1. #1
    -HH-Dubbo's Avatar Senior Member
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    The updates look great but I have a question about last week's screenies. The rockets on the rails look as though the warheads are flared compared to the body of the rocket. (They look knobby)
    The loosed ones in flight look different in that the warheads look flush with the body of the rocket...no knobby bit. Is it just me? Am I missing something? Also the ones in flight look actually shorter than the ones on the rails. (This could be an optical illusion)




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  2. #2
    -HH-Dubbo's Avatar Senior Member
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    The updates look great but I have a question about last week's screenies. The rockets on the rails look as though the warheads are flared compared to the body of the rocket. (They look knobby)
    The loosed ones in flight look different in that the warheads look flush with the body of the rocket...no knobby bit. Is it just me? Am I missing something? Also the ones in flight look actually shorter than the ones on the rails. (This could be an optical illusion)




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  3. #3
    Differant rockets mate.
    The ones still on the plane are 5" HVARs, the two 'in-flight' are Tiny Tims.
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  4. #4
    -HH-Dubbo's Avatar Senior Member
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    Ahhhh. Thanks I see now...centre mounted hard points..


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  5. #5
    When I saw those pictures...I was thinking that I was looking at an F4U-4. I didn't know the D model had Tiny Tim rockets.

    Are there any Corsair experts who can clarify the ordinance carrying differences between the D and 4 model. I do hope we get the Super Corsair!
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  6. #6
    stansdds's Avatar Senior Member
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    The -1D and the -4 had identical armament capabilities. Both had six 50 caliber machine guns, hard points under each outer wing panel for a maximum of eight 5 inch HVAR rockets, two pylons under the center section for drop tanks or bombs up to 1000 pounds and a center hardpoint for an additional drop tank.
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  7. #7
    I found this page with a tiny tim carrying -1D
    and also a PBJ and F6F carrying them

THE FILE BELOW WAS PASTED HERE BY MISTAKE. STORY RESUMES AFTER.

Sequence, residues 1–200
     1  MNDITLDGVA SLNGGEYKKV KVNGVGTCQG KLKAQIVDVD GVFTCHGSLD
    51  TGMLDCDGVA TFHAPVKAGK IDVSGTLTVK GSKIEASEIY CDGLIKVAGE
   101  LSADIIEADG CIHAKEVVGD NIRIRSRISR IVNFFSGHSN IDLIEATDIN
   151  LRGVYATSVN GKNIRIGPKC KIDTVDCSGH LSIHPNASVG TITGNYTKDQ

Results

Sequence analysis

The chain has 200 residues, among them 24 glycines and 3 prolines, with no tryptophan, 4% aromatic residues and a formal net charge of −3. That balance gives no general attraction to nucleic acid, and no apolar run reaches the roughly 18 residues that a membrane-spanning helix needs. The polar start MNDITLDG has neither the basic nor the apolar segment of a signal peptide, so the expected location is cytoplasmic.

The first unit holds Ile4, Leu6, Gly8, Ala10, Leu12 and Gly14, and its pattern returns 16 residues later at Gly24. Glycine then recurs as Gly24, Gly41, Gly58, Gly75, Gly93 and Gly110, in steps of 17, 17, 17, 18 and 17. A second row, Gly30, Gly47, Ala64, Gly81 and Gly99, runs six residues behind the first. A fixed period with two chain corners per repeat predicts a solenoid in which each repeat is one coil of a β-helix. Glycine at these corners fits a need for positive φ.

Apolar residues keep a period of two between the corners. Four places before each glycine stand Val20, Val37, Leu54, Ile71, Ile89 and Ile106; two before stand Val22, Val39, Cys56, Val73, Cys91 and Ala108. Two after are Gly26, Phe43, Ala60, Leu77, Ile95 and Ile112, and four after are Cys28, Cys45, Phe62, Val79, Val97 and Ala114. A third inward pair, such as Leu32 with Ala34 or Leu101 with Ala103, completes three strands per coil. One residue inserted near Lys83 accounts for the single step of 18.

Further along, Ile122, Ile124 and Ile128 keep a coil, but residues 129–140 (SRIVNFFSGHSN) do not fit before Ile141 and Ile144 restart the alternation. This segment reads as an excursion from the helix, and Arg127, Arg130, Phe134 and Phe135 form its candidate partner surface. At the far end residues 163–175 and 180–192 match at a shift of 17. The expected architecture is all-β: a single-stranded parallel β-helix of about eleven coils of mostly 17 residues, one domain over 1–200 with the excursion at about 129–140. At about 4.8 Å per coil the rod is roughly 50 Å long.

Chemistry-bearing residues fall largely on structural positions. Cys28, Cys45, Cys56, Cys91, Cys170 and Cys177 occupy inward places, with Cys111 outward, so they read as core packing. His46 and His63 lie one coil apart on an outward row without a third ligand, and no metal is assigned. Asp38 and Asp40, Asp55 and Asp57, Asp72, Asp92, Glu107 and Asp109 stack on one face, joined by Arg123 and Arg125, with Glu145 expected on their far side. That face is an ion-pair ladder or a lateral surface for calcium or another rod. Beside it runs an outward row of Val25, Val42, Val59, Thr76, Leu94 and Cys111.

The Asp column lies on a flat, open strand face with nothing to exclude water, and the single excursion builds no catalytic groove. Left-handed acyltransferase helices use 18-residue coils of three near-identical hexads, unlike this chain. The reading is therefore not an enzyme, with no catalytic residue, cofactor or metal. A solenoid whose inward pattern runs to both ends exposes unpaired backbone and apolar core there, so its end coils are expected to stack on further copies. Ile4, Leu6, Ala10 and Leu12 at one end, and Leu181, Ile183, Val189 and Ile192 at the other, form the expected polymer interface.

http://www.chinalakealumni.org/1945.htm

    F4U-4
    This version was the last Corsair version to be developed during World War 2. It was based on the F4U-1, but had a number of improvements. The powerplant was 1 Ó” Pratt & Whitney R-2800-18W(C) or -42W(C) double Wasp radial with water injection. Withou injection the rated power was 2,100 hp (1.566 kW), with water injection it was increased to 2,450 hp (1.827 kW). This powerplant drove a Hamilton-Standard four-blade propeller with a diameter of 13 ft 2 in (4,01 m). The max level speed rose from 425 mph (684 km/h) to 446 mph (718 km/h). The cockpit was revised with regrouped instruments, an armored bucket seat and an improved canopy. Armor weight increased to 197 lb (89,4 kg). the carburetor air inlets were relocated from the wing leadin gedges to the underside of the engine cowling, and the seat back could be folded to ease access to the radio equipment for maintenance.
    The first two prototypes were conversions from the F4U-1 standard, but all subsequent prototypes were freshly built. These also had capability for the two hardpoints under the inner wing panels to carry two 11.75 in (298 mm) unguided rockets as an alternative to the more standard 1,000 or 500 lb (454 or 227 kg) bombs. The later prototypes confirmed that the revised type offered a number of important advantages over the F4U-1 series, and the F4U-4 was rushed into production for the delivery of the first such warplane to the US Navy during October 1944.
    Number built: 2.197

    but it appears that the -4 was the first to carry the tiny tim
    (correct me if i am wrong first F4U with a four bladed prop)

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  8. #8
    I guess I'm really hoping that Luthier doesn't forget the -4 model. It was the fastest of the WWII vintage corsairs and it had a climb rate over 4000 ft/min...right up there with the Spitfire Mk IX that we're flying now! I know this varient was used extensively around Okinawa. I don't know if there are any outwardly physical differences or just a new tune to the FM...I have my fingers crossed.

    Not having it would be like FB w/out the Dora...not essential, but feeling like something is really missing.
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  9. #9
    GT182's Avatar Banned
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    Wasn't the front antenna moved on the 4 to behind the cockpit from in front for better visability?

    "GT182" / "Stab/JG51_vonSpinmeister"
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    "Fly to Survive, Survive to Fly"
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  10. #10
    stansdds's Avatar Senior Member
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    The F4U-4 had the same antenna arrangement as the FG-1D. This is to say that both forward and aft masts were present and the antenna lead into the fuselage was relocated to the port side about a foot below the canopy track. By the time the Korean War broke out, all of the forward masts had been removed. The dash 4's were the last Corsairs to come off the assembly line with the forward masts.
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